The study broke down how often people bicycle (p. 21):

  • 30% - bicycle 1-5 days/year
  • 24% - 6-24 days/year
  • 32% - 2X/month to 2X/week
  • 14% - 2X/week or more

It also broke down the reasons people bicycle (p. 22):

  • 57% - bicycle for recreation only
  • 8% - transportation only
  • 36% - both recreation and transportation

Participation in bicycling by region--people in the Midwest are slightly more likely to bicycle than the national average:

Missourians of all ages and income levels regularly bicycle, walk, run, and use
Missourians of all ages and income levels regularly bicycle, walk, run, and use trails

  • 34% - Percentage of the population 3 yrs and older who bicycle, national average
  • 36% - Midwest
  • 37% - West
  • 34% - South
  • 30% - Northeast

Running/jogging is slightly less popular in the Midwest than running/jogging is in other regions: 

  • 40% - Percentage of the population 3 yrs and older who run/jog, National average
  • 34% - Midwest
  • 36% - Northeast
  • 43% - South
  • 44% - West

The research confirms some commonly held ideas about bicycling, but refutes others.  For example:

  • Most likely to bicycle are the lowest income group and highest income group (both at 39%); middle income groups are slightly less likely to bicycle (25%-34%) (p. 50)
     
  • Men participate in bicycling and running somewhat more than women (bicycling: 39% men vs 30% women; running: 44% vs 36%) (p. 41)
     
  • Women are more concerned than men about being hit by an automobile and less satisfied with bicycle infrastructure (p. 48)
     
  • Black, Hispanic, and 'other' ethnicities all have higher bicycling and running participation rates than white Americans (p. 50)
     
  • Hispanics have the highest participation rate in both bicycling (43%) and running (59%); both are noticeably higher than the population at large (p. 50)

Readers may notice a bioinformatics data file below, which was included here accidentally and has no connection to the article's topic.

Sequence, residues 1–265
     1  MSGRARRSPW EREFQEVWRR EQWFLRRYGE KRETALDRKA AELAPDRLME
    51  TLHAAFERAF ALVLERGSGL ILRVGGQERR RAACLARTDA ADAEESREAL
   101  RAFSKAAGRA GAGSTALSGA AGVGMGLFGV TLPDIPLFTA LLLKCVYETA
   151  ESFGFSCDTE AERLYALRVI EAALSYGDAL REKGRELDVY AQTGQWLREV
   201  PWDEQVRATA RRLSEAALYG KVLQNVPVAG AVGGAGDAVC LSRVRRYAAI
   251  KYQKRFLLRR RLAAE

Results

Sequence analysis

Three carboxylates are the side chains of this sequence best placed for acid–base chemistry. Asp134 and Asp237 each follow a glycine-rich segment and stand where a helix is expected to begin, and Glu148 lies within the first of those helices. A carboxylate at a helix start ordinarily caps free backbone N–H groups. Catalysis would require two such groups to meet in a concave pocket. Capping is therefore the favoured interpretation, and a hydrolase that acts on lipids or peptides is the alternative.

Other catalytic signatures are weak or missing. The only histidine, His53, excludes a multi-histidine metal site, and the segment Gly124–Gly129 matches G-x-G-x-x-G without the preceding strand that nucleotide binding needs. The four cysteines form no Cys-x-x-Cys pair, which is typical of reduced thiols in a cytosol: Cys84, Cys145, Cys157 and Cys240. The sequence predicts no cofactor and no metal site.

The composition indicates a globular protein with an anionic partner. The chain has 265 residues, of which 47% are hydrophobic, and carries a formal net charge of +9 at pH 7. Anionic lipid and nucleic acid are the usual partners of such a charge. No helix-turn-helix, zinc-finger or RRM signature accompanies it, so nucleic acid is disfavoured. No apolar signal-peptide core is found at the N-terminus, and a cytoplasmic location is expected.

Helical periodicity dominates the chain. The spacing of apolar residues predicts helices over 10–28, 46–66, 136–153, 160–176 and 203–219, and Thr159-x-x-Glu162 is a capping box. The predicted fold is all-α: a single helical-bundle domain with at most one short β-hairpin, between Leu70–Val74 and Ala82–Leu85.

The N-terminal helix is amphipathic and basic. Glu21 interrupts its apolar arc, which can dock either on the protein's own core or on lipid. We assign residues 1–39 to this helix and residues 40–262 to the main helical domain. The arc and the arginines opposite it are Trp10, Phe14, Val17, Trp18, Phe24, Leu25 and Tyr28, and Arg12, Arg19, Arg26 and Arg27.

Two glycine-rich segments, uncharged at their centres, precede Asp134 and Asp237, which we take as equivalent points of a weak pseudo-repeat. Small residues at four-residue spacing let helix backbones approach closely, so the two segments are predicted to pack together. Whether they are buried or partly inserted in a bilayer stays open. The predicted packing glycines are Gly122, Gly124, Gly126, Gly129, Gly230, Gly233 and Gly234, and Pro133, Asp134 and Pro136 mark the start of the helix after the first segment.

• Poor infrastructure and lack of places people feel safe bicycling is a particular challenge among people of color (p. 57)

These findings suggests a number of ways that we must move forward to make bicycling safer and more inviting to people of all ages, genders, and ethnic groups.  We need to create more safe places to bicycle, more places that have separation between traffic and bicycles, and generally a more inviting environment for bicycling.  These factors also appear to be more important for people who know bicycle relatively rarely--so they are the changes we need to make if we are to encourage people who now bicycle rarely to bicycle more often.

It is often thought and said that people of color bicycle less often.  But this study shows, very definitively, that this is not true at all!  Perhaps people of color are under-represented in advocacy and leadership?  Perhaps they are less likely to join organized clubs or groups? Perhaps they bicycle for different reasons?  Perhaps they have different needs?  The report gives some hints towards answers to some of these questions, but more research needs to be done and more effort needs to be spent ensuring that the needs of every American who bicycles and walks regularly--or would like to--are fully met.

 

Major goals of MoBikeFed's Vision for Bicycling and Walking in Missouri include improving safety for all road users, building a world-class bicycle and pedestrian transportation system in Missouri, and encouraging more Missourians to enjoy bicycling and walking more often. Research like this People for Bikes study helps inform our priorities and advocacy work by helping us understand who is bicycling, walking, and running, why they are participating in these activities, and what the major impediments to more bicycling,  walking, and running are.  We use this information to better inform our elected leaders and transportation decision makers.

Your ongoing membership and generous support help turn our Vision into reality!